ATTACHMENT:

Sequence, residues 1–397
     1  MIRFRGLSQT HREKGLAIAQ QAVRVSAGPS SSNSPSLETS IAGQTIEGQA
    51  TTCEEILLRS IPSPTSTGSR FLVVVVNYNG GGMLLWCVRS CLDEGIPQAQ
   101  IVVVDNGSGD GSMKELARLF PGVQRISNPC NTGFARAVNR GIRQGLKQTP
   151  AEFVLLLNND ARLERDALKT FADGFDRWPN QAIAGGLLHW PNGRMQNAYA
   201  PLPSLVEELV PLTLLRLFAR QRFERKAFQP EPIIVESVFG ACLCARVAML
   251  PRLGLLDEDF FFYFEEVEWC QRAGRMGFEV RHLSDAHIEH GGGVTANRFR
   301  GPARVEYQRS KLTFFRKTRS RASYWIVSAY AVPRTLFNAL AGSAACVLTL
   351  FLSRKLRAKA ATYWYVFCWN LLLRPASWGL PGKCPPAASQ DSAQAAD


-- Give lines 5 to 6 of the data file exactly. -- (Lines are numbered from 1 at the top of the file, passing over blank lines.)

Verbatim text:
   151  AEFVLLLNND ARLERDALKT FADGFDRWPN QAIAGGLLHW PNGRMQNAYA
   201  PLPSLVEELV PLTLLRLFAR QRFERKAFQP EPIIVESVFG ACLCARVAML